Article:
A Heggstad petition filed under Probate Code §850 requires 30 days’ notice to all interested parties. In some cases personal service is required so make sure your attorney knows exactly what the probate code requires because failure to follow the rules specifically will cause a Heggstad petition to fail. This 30 day notice requirement is longer than the normal 15 day requirement of most other probate Court petitions. Aside from the longer notice period, a Heggstad petition should be prepared, filed, heard by the Judge, and finished within approximately 60 days. This is substantially shorter than the 7 months(minimum) that a full probate takes.

Petition for Probate of Intestate Estate

At least 15 days before the hearing of a petition for administration of a decedent’s estate, the petitioner shall serve notice of the hearing by mail or personal delivery on all of the following persons:(a) Each heir of the decedent, so far as known to or reasonably ascertainable by the petitioner.(b) Each devisee, executor, and alternative executor named in any will being offered for probate, regardless of whether the devise or appointment is purportedly revoked in a subsequent instrument. (Probate Code §8110)

Petition for Probate of Will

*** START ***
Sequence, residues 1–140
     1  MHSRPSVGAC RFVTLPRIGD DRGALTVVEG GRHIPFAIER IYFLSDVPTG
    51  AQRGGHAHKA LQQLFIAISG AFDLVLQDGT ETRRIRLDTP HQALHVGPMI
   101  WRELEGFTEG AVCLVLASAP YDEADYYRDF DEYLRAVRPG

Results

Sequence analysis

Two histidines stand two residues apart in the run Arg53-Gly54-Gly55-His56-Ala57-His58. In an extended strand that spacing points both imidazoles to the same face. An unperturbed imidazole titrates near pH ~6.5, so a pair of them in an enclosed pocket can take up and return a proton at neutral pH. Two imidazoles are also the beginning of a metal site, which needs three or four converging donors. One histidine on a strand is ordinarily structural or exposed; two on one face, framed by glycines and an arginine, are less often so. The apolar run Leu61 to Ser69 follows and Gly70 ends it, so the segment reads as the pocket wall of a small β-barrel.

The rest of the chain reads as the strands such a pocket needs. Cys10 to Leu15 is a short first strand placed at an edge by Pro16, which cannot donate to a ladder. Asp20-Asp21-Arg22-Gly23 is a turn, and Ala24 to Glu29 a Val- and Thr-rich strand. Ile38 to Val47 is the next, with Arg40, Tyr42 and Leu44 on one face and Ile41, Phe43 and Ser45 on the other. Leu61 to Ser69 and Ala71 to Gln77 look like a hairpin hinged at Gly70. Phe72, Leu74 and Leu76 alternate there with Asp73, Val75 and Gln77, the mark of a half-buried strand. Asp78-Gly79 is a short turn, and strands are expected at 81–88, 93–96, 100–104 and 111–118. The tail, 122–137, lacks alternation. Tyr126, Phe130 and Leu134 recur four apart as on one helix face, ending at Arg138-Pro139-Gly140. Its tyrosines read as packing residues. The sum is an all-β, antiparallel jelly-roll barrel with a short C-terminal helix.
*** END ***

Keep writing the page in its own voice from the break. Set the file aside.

A hearing on a petition for probate of will is set for a day not less than 15 nor more than 30 days after the petition is filed. At the request of the petitioner made at the time the petition is filed, the hearing on the petition shall be set for a day not less than 30 nor more than 45 days after the petition is filed. The court may not shorten the time for giving the notice of hearing. Additionally, a petitioner must serve and publish (yes, in a newspaper) notice of the hearing.

Petition for Special Administrator

Appointment of a special administrator may be made at any time without notice or on any notice to interested persons that the court deems reasonable. [Probate Code §8541(a)] For example, the court can dispense with notice of the petition to appoint a special administrator without general powers.

TLD Law can ensure that all of these notice requirements are met and we are here to advise you on any and all probate issues you may have. Please feel free to call our office to get started.

Author – Brian Ramsey, Esq. TLD Associate